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Watch Blue Origin Crash a Rocket In the Name of Safety

This test is a key step on the path to putting people in space.

by Amy Thompson
Oct 5 2016, 9:00am

Image: Blue Origin

Update: Blue Origin's capsule abort test was a success, and the company managed to land its New Shepard rocket booster without crashing it! Read about it here. The original story is below.

Blue Origin is about to take the next leap towards launching humans into space: making sure they don't die if things go wrong

In what could be their most explosive test yet, the aerospace company is conducting an in-flight test of its crew capsule escape system and you can watch it live beginning at 10:45 am ET. (The test was originally scheduled for Tuesday, but postponed 24 hours due to inclement weather).

Blue Origin anticipates sending paying customers to the edge of space in 2018. But before the first crews launch, they must prove they can keep those passengers safe. This is where the escape system comes in.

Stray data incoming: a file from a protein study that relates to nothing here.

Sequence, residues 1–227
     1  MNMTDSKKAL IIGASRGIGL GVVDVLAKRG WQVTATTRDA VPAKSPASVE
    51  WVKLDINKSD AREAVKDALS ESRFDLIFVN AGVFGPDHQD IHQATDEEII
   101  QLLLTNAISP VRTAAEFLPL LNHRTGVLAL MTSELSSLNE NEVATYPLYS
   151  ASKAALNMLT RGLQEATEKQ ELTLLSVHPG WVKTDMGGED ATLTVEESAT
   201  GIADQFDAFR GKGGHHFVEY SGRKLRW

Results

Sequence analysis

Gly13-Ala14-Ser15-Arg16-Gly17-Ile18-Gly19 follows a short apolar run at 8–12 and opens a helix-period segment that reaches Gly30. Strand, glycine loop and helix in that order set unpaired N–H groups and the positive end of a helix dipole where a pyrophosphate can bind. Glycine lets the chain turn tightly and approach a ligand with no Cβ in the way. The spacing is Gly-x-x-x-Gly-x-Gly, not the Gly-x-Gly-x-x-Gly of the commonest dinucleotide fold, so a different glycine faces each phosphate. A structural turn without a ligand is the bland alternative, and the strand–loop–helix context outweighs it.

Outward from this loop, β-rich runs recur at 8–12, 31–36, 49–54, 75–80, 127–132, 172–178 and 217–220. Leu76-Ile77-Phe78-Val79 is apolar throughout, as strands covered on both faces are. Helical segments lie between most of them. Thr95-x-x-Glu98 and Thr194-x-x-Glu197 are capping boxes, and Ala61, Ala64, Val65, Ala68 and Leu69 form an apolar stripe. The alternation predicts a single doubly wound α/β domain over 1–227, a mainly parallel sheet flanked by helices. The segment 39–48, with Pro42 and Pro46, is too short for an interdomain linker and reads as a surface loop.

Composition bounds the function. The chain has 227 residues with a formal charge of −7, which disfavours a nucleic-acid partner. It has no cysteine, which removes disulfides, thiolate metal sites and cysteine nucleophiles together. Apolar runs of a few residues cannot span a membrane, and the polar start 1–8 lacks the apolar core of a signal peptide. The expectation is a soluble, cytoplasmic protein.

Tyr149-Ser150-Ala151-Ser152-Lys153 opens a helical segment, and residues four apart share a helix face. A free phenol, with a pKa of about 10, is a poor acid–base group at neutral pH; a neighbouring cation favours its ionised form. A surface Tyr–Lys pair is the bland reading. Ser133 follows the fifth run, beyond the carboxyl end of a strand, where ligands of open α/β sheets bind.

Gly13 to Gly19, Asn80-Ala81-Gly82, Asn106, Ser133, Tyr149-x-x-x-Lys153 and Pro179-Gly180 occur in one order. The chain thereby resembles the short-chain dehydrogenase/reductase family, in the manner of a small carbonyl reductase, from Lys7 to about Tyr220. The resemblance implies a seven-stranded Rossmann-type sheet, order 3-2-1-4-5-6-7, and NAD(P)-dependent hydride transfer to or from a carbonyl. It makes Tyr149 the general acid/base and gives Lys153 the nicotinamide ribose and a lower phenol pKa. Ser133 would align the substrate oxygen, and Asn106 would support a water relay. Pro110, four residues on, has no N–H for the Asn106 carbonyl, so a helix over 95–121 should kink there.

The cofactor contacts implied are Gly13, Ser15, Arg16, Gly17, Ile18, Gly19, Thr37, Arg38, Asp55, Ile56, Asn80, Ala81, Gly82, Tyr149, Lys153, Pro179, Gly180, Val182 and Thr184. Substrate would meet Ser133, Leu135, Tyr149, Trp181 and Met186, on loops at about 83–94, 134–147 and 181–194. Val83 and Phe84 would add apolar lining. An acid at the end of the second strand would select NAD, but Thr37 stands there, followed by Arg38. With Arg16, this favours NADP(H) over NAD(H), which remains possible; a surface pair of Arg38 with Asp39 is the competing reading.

Each New Shepard rocket has two main components: a crew capsule — with room for six passengers — and a rocket booster. At 45 seconds after liftoff, mission control will trigger an alarm simulating a problem with the booster. This will ignite a small rocket motor underneath the capsule, pushing it away from the booster, before touching down under parachute in the Texas desert. Here's an animation of what the company expects will happen.

Both Blue Origin and rival SpaceX depend on built-in engines to whisk their capsules to safety, while previous designs (like Apollo, Mercury, Soyuz) relied on expendable rocket motors mounted on top of the capsule to pull it to safety during an emergency.

Blue Origin previously tested the system both on the ground and on the launch pad, but not in flight. Today will demonstrate how the system performs higher up in the atmosphere (roughly 16,000 feet) at a region known as "Max Q", where the stresses on the vehicle are highest.

Will the booster rocket — with four historic landings under its belt — survive the turbulent conditions? Most likely not. But if it does, Bezos plans on giving it the royal treatment. "We will in fact reward it for its service with a retirement party and put it in a museum," Bezos wrote in a post on the Blue Origin website. Otherwise we may see a dazzling pyrotechnic display as it impacts the ground.

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